# EM algorithm for two Gaussian models

This is about basic machine learning which I do not understand clearly.

I have 2 Gaussian models $G_1$ and $G_2$ and given a list of data as below.

(1, 3, 4, 5, 7, 8, 9, 13, 14, 15, 16, 18, 23)

I do not know which numbers were generated by which $G_i$ model, but I want to do Expectation Maximization for clustering.

So, what are the hidden variables? and how to perform Expectation and Maximization steps?

Could you show some calculation or short Python code of the likelihood metric? (Perhaps 2 iteration)

I got the basics of EM algorithm from here, but I cannot apply to this question. http://www.nature.com/nbt/journal/v26/n8/full/nbt1406.html

$\newcommand{\I}{\mathbb{I}}\newcommand{\E}{\mathbb{E}}$Given our observed variables $x = \{x_i\}$, hidden variables $z = \{z_i\}$ and distribution parameters $\theta = \{(\mu_j, \sigma_j)\}$, let's define the complete-data log-likelihood as \begin{align*} \ell_c(\theta) &= \sum_{i=1}^n \log \Pr[x_i, z_i|\theta] = \sum_{i=1}^n \sum_{j=1}^k \I[z_i = j] \log \Pr[x_i, z_i = j| \theta]\\ &= \sum_{i=1}^n \sum_{j=1}^k \I[z_i = j] \log (\Pr[x_i|\theta_j] \Pr[z_i=j|\theta]) \end{align*} where $\I[\cdot]$ is the indicator function, $\Pr[x_i|\theta_j]$ is the probability of observing $x_i$ given the $j$th Gaussian and $\Pr[z_i=j|\theta]$ is the mixing weight of the $j$th distribution (i.e., the probability of observing the $j$th hidden variable). This is the model we have if we somehow knew which Gaussian generated a given data-point. We obviously don't know, so we would like to compute the expected value of this complete-data log-likelihood. That is, what is the expected outcome of this full-knowledge formulation? To do that let us define the $Q(\theta^t|\theta^{t-1})$ function as \begin{align*} Q(\theta^t|\theta^{t-1}) &= \E\left[\sum_{i=1}^n \sum_{j=1}^k \I[z_i = j] \log \Pr[x_i, z_i = j| \theta]\right]\\ &= \sum_{i=1}^n \sum_{j=1}^k \E[\I[z_i = j]] \log \Pr[x_i, z_i = j| \theta]\\ &= \sum_{i=1}^n \sum_{j=1}^k \Pr[z_i = j | x_i] \log \Pr[x_i, z_i = j| \theta]\\ &= \sum_{i=1}^n \sum_{j=1}^k \underbrace{\Pr[z_i = j | x_i]}_{r_{ij}} \log (\Pr[x_i|\theta_j]\underbrace{\Pr[z_i = j| \theta]}_{\pi_j}).\\ &= \sum_{i=1}^n \sum_{j=1}^k r_{ij} \log \Pr[x_i|\theta_j] + \sum_{i=1}^n \sum_{j=1}^k r_{ij} \log \pi_j. \end{align*} Computing $r_{ij}$ for the E-step is done by simple Bayes theorem, $$r_{ij} = \frac{\pi_j \Pr[x_i|\theta_j^{t-1}]}{\sum_{j'=1}^k \pi_{j'} \Pr[x_i|\theta_{j'}^{t-1}]}.$$ Now for the M-step we would like to compute the mixing weights $\pi$ and parameters $\theta$ that maximize $Q$. Luckily for us, we can optimize for each independently as seen by the final formulation! By taking the derivative of $Q$ wrt $\pi$ with the Lagrange constraint that $\sum_j \pi_j = 1$ we have $$\pi_j = \frac{\sum_{i=1}^n r_{ij}}{n}.$$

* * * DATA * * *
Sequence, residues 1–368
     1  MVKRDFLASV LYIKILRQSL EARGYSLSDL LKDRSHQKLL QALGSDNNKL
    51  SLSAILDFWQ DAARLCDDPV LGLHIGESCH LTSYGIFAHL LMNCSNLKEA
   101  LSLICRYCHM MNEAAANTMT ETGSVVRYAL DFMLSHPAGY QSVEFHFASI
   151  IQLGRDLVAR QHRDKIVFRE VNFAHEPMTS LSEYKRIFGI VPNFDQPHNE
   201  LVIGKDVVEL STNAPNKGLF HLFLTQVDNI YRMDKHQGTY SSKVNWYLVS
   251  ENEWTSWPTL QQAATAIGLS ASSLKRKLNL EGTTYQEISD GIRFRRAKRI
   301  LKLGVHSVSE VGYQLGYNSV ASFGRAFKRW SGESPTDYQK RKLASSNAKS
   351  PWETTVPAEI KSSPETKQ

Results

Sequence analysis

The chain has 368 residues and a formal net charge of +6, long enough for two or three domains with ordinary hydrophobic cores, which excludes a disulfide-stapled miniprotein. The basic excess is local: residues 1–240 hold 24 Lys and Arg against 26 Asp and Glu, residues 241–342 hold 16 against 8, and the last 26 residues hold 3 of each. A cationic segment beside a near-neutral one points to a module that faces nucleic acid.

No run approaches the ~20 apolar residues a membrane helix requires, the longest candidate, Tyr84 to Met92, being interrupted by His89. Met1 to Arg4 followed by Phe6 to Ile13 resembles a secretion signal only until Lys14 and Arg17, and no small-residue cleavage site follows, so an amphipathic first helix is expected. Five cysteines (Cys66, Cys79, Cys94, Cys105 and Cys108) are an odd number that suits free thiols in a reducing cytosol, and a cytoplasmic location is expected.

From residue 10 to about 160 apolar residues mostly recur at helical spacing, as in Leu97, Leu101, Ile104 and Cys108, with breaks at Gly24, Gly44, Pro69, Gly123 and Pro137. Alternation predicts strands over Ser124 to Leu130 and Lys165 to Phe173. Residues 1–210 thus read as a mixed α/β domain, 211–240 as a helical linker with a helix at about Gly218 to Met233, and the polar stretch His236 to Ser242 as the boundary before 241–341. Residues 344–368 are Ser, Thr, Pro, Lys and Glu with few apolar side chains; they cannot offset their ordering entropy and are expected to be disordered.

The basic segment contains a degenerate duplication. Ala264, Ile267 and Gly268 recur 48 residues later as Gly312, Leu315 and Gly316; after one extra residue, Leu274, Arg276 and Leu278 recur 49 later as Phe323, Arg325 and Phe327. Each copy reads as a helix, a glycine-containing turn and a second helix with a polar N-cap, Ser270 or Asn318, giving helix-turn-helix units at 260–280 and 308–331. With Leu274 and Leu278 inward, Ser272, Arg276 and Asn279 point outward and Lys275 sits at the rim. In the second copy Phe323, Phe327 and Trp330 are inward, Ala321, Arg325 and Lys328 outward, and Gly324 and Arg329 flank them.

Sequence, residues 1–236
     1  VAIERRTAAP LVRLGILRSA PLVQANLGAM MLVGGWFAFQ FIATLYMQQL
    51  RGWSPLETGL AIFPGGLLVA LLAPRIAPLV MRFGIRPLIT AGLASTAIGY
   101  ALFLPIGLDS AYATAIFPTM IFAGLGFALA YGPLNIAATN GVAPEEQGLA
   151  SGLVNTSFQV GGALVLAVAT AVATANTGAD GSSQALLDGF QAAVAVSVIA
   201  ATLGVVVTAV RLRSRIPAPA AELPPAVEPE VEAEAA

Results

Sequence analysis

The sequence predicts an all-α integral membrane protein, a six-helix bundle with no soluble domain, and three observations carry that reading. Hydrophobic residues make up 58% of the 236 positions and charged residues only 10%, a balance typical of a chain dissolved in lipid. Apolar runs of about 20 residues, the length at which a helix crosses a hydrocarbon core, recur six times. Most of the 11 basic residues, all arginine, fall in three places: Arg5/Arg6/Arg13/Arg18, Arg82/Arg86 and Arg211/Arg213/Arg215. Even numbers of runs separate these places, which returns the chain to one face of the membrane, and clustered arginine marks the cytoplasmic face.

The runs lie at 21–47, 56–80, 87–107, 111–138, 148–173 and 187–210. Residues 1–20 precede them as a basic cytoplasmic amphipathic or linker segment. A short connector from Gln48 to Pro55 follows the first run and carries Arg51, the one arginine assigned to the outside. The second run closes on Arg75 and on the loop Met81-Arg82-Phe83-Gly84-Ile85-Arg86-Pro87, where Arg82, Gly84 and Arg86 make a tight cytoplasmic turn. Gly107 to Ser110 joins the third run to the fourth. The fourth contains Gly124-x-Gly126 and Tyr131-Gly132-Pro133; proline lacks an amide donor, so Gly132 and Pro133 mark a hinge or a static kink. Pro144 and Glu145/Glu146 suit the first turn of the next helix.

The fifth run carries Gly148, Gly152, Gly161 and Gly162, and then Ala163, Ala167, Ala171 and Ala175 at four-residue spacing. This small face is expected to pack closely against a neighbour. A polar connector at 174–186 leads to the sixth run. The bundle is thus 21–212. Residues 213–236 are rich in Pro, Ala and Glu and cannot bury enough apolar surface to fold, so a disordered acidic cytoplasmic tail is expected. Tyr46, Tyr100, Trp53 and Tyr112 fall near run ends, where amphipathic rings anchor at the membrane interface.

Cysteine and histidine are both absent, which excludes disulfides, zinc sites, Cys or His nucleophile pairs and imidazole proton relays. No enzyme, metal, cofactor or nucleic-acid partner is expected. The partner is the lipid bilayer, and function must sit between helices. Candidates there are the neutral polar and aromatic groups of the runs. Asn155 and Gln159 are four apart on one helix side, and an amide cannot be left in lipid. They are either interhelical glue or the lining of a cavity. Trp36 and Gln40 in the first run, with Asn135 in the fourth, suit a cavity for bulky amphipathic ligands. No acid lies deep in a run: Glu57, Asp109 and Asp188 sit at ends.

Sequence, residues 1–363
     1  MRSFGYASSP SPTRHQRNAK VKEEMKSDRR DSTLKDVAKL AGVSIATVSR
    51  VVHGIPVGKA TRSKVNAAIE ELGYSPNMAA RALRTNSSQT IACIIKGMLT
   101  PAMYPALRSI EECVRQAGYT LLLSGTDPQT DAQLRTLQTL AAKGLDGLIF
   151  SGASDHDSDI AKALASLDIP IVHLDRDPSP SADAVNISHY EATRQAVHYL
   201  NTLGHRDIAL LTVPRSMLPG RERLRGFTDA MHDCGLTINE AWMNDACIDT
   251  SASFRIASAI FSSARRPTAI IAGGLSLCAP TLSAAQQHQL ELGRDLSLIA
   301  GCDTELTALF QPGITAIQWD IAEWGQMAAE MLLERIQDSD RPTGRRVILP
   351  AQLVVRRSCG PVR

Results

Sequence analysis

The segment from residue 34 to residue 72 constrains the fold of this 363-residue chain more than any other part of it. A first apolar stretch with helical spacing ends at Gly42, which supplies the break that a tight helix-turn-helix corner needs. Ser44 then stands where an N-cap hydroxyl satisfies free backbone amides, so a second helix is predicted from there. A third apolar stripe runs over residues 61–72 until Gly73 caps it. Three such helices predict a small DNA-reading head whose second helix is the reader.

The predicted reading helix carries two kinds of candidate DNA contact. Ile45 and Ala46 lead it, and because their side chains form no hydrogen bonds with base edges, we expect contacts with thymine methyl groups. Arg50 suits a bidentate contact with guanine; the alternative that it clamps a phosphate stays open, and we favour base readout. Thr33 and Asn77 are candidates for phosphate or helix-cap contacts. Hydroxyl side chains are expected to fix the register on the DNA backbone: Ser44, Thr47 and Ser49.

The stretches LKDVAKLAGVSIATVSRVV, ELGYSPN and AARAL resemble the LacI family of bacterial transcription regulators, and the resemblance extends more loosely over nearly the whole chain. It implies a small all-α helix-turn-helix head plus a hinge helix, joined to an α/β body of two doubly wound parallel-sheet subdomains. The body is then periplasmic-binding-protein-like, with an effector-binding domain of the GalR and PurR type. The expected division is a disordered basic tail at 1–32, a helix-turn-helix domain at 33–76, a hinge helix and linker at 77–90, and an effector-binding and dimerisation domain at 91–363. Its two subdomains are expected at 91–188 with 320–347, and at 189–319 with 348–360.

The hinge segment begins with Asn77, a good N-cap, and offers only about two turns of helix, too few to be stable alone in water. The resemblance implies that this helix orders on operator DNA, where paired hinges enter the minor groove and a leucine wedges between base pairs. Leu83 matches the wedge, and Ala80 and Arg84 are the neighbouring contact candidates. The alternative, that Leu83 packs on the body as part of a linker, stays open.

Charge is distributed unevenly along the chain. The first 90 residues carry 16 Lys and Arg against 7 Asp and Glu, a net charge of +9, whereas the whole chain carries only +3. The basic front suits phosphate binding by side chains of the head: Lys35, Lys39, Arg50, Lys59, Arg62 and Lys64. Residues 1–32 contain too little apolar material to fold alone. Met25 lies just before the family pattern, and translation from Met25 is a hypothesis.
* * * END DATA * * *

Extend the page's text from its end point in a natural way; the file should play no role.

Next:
In order to optimize $Q$ wrt $(\mu_j, \sigma_j)$ lets look at the part only dependent on them (ignoring some constants). $$\sum_{i=1}^n r_{ij} \log \Pr[x_i|\theta_j] = -\frac{1}{2}\sum_{i=1}^n r_{ij} \left(\log \sigma_j + \frac{(x_i - \mu_j)^2}{\sigma_j}\right)$$ Using this information helps when taking the derivative of $Q$ wrt to each parameter. Finally we have, \begin{align*} \mu_j &= \frac{\sum_{i=1}^n r_{ij} x_i}{\sum_{i=1}^n r_{ij}}, &\sigma_j &= \frac{\sum_{i=1}^n r_{ij} x_i^2}{\sum_{i=1}^n r_{ij}} - \mu_j^2. \end{align*}